COVID-19 and dentistry: Australian and New Zealand embrace uncertain future
SYDNEY, Australia: For much of 2020 and 2021, Australia and New Zealand fared remarkably well in containing the spread of SARS-CoV-2—a function of factors including their geographic isolation and the near cessation of international travel. Recent months have seen both nations face outbreaks of the highly contagious delta variant, leading to widespread lockdowns and reduced access to dental services. Since leading governmental figures have admitted that elimination of this variant is impossible, state and regional governments have slowly begun to ease certain restrictions, including those placed on healthcare personnel.
In Australia, a temporary stay-at-home order that was issued for large parts of the state of New South Wales (NSW) on 26 June was lifted yesterday, since 70% of its adult population is now fully vaccinated against SARS-CoV-2. Hospitality businesses, including pubs, cafes and restaurants, as well as many retail businesses, are now able to reopen for vaccinated customers. Unvaccinated people are only able to access critical services like grocery stores and pharmacies.
Prior to yesterday, the NSW branch of the Australian Dental Association (ADA), in line with guidance from the Dental Council of NSW, advised dental practitioners to take a risk-based approach to providing dental care, recommending deferring non-essential treatments unless a delay would lead to adverse patient outcomes. Given the high vaccination across the state, ADA NSW now supports the safe provision of the full range of dental care by practitioners in the state provided they have undertaken appropriate risk-based screenings, a spokesperson told Dental Tribune International. Dental staff and patients are still required to wear appropriate personal protective equipment (PPE) when possible.
Victoria moves toward milestone
Though new daily COVID-19 cases in NSW have dropped significantly from the record 1,603 cases recorded on 11 September, case numbers in Victoria continue to hover just under 2,000 per day. Large parts of the state remain in lockdown and have a curfew in place between 9 p.m. and 5 a.m. Its capital, Melbourne, recently claimed the unenviable record of having spent the most days in lockdown since the pandemic began.
Currently, dental practitioners in Melbourne, Mitchell Shire and Mildura are only “permitted to provide dental services in management of patients with urgent needs or care where failure to do so in a clinically appropriate time frame will lead to adverse outcomes,” according to the Victorian branch of the ADA. Urgent treatment for confirmed or likely SARS-CoV-2-positive patients is required to be conducted in an acute care environment with an oral and maxillofacial surgery registrar present, these guidelines state.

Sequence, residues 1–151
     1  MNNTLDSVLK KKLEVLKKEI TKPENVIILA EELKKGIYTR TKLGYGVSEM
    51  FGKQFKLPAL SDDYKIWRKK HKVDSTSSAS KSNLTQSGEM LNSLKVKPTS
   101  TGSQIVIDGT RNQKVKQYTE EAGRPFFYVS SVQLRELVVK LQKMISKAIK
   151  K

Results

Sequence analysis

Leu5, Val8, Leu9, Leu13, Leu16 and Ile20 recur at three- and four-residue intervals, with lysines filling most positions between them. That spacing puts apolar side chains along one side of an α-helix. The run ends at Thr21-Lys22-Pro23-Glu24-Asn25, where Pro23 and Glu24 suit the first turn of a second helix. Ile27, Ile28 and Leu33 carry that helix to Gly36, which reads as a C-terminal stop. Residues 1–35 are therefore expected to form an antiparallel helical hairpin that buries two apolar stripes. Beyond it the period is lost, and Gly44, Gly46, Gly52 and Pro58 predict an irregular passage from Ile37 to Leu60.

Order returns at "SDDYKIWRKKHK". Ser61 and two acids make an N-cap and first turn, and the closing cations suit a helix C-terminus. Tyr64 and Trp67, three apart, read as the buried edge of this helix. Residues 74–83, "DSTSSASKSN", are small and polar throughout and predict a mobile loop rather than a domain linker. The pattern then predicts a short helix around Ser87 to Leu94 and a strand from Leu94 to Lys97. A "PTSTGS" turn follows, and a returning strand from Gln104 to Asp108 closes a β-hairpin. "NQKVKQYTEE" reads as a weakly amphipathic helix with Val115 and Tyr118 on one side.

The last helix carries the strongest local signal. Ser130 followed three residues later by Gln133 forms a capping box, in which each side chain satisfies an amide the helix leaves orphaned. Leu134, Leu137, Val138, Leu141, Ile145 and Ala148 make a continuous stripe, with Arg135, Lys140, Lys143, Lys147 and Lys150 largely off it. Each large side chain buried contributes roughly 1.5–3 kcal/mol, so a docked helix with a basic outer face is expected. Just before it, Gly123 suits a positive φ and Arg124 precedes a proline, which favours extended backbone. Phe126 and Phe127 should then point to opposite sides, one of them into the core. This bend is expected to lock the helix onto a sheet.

It is not all doom and gloom for the southern state, however, as it is expected to have 70% of its adult population fully vaccinated by 26 October. At this milestone, restrictions on the provision of dental services will be lifted.
New Zealand anticipates rising COVID-19 numbers
An outbreak of COVID-19 in New Zealand that began with a single confirmed case on 17 August has failed to be completely halted in the weeks since, despite a nationwide lockdown with various levels of restriction. The country recorded 94 new cases last weekend, regarding which epidemiologist Prof. Michael Baker of the University of Otago told The Guardian that New Zealand’s COVID-19 numbers are “on the exponential growth curve”.
“If you look at the trend, it’s clearly going up in Auckland, and it’s not just the total cases but also the unexplained cases, which suggests transmission in the community is increasing,” Baker added.
Last week, New Zealand Prime Minister Jacinda Ardern announced that the country would no longer be aiming to eliminate SARS-CoV-2, but would instead look to increase vaccination rates and suppress the spread of the virus. The announcement has already proved to be a lightning rod for criticism, and commentators have noted that the reduced vaccination rates in Māori populations (compared with non-Māori populations) could make them particularly vulnerable.
Dental professionals working in Auckland, Northland and parts of Waikato are currently operating under alert Level 3 restrictions, while the rest of the country is at Level 2. At Level 3, all patients must be triaged via phone and only given treatment in low-risk situations, while Level 2 allows most patients to receive treatment as normal provided the appropriate PPE is used.